This time it’s different? What’s new and what’s old about the 2017 technology bubble?

Debra Howcroft, Adam Leaver

Research output: Contribution to conferenceAbstractpeer-review


In April 2015 the NASDAQ composite index finally surpassed its March 2000 peak; for larger tech stocks on the S&P 500 technology index the dotcom peak was not bettered until July 2017. There is an emerging concern amongst commentators that we are reaching the end of a second dotcom bubble. It is in this context of disquiet that we reflect upon what is similar and what is different about 2017 relative to 2000. The paper presents longitudinal data on the financial characteristics of the firms that comprise the two indexes. Whilst it is recognised that 2017 S&P500 IT firms post more earnings than those of 2000, a number of questions remain about the sustainability of present valuations. We focus on three key challenges: capital, labour and regulation. With regard to capital, we note a tendency for current tech firms to invest in each other in a way that is reminiscent of the worst excesses of the 2007 crisis in CDOs and strongly suggests Ponzi-like forces at work. With regard to labour, platform-based companies like Uber have few direct employees, yet they are hugely dependent on externally sourced low-cost labour. This distinguishes them from immaterial 2000 new economy failures like, but poses a risk if bogus self-employment contracts become increasingly less attractive. For a company whose present valuation is premised on expected future growth, any deviation from that growth trajectory may lead to goodwill impairments. Finally, many new economy business models are built on a series of regulatory loopholes and legal definitional arbitrages. While the state remains reluctant to regulate anytime soon, media attention surrounding unsavoury employment tribunals may well trigger writedowns.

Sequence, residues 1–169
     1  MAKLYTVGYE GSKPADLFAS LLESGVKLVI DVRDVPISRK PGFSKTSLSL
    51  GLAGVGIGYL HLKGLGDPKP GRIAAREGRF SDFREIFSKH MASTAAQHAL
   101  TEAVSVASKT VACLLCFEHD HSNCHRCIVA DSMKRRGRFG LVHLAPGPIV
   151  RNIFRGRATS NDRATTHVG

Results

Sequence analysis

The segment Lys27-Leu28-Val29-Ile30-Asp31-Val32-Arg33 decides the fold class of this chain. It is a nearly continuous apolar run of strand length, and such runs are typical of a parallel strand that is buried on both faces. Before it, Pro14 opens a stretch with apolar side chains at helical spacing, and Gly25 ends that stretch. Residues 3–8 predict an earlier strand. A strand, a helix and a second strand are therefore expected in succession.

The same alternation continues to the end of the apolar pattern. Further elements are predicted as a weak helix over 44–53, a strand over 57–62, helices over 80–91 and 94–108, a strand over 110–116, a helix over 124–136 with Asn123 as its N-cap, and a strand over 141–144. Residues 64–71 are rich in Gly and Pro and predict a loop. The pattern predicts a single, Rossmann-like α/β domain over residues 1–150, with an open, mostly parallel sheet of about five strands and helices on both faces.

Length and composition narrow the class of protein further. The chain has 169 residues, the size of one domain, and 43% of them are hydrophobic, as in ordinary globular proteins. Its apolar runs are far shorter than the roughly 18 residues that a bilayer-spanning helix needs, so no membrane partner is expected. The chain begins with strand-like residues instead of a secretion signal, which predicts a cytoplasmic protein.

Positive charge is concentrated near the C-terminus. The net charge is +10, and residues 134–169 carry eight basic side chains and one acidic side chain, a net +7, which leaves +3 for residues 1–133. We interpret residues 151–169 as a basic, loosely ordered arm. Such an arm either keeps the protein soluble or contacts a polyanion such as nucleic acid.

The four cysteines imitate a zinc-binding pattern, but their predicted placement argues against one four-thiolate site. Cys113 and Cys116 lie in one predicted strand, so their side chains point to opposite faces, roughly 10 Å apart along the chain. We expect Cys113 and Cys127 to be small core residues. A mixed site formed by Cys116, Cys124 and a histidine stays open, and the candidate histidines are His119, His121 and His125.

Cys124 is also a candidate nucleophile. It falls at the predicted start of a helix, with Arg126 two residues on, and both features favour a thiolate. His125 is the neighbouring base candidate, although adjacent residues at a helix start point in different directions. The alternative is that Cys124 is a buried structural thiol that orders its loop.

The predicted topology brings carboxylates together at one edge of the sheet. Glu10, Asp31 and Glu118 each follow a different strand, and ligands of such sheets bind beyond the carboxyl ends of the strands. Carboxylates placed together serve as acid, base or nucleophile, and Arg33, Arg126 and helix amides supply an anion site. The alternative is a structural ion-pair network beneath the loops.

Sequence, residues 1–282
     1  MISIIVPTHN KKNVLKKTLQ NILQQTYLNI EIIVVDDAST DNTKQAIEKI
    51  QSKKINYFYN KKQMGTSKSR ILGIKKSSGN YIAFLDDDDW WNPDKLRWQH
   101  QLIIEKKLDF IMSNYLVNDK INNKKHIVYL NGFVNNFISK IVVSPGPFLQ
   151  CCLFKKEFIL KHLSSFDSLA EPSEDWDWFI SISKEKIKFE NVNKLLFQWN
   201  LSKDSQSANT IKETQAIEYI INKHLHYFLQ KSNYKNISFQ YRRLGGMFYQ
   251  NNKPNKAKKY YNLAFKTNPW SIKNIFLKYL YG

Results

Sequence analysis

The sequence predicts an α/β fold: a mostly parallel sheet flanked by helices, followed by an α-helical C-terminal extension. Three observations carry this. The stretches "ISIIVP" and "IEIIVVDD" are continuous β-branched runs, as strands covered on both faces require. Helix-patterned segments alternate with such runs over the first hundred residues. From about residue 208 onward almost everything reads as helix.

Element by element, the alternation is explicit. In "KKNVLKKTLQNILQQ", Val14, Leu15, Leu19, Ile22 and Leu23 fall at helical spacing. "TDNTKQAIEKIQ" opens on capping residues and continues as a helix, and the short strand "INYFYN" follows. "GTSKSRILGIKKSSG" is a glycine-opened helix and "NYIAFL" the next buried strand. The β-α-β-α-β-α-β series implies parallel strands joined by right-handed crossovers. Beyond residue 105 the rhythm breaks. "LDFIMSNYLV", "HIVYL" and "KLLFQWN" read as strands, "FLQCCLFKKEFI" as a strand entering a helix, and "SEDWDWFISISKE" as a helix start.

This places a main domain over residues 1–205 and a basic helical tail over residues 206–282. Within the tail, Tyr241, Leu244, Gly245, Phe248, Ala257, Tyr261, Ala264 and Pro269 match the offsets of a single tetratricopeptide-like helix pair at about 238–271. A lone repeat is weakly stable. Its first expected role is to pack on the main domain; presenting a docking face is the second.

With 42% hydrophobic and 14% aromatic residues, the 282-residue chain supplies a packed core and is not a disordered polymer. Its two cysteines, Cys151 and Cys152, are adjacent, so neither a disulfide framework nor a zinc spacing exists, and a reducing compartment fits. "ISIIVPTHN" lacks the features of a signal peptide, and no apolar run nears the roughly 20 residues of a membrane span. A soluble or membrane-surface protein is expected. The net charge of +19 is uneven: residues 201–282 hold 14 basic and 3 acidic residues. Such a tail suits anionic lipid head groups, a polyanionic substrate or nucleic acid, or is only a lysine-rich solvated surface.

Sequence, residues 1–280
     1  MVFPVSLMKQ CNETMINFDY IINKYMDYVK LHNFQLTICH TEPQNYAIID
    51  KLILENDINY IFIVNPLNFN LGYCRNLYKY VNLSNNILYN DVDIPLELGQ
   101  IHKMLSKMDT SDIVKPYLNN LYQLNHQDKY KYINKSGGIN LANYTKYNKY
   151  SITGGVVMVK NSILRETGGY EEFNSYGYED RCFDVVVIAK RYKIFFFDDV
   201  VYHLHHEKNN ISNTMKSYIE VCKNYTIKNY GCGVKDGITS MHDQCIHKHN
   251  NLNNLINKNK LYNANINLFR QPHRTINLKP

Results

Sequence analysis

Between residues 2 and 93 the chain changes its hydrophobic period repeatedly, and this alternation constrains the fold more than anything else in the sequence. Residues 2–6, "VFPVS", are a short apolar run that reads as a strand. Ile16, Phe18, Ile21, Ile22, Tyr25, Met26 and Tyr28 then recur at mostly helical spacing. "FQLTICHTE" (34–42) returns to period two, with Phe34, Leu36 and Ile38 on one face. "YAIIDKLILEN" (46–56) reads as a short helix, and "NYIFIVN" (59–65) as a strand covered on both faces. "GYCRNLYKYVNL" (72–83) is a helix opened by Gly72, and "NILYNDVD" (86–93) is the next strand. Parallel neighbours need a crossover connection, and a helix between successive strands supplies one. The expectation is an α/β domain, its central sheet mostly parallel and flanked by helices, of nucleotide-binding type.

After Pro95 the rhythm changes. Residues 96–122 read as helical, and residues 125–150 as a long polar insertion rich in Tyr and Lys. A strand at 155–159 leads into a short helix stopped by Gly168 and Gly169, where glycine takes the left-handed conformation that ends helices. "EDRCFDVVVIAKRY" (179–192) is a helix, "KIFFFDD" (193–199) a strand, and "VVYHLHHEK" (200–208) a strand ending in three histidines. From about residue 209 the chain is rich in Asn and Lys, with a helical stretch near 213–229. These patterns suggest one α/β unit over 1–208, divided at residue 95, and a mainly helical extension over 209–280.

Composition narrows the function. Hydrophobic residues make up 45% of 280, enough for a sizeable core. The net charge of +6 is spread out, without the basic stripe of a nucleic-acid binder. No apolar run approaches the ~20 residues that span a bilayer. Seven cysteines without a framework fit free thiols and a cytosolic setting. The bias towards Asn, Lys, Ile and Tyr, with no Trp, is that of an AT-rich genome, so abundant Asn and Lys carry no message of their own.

Original languageEnglish
Publication statusPublished - 2017
EventFinance and Society Conference - London, United Kingdom
Duration: 2 Nov 20174 Nov 2017


ConferenceFinance and Society Conference
Country/TerritoryUnited Kingdom


  • Uber
  • platform
  • crowdwork
  • gig economy
  • capital
  • labour
  • regulation

Research Beacons, Institutes and Platforms

  • Global inequalities


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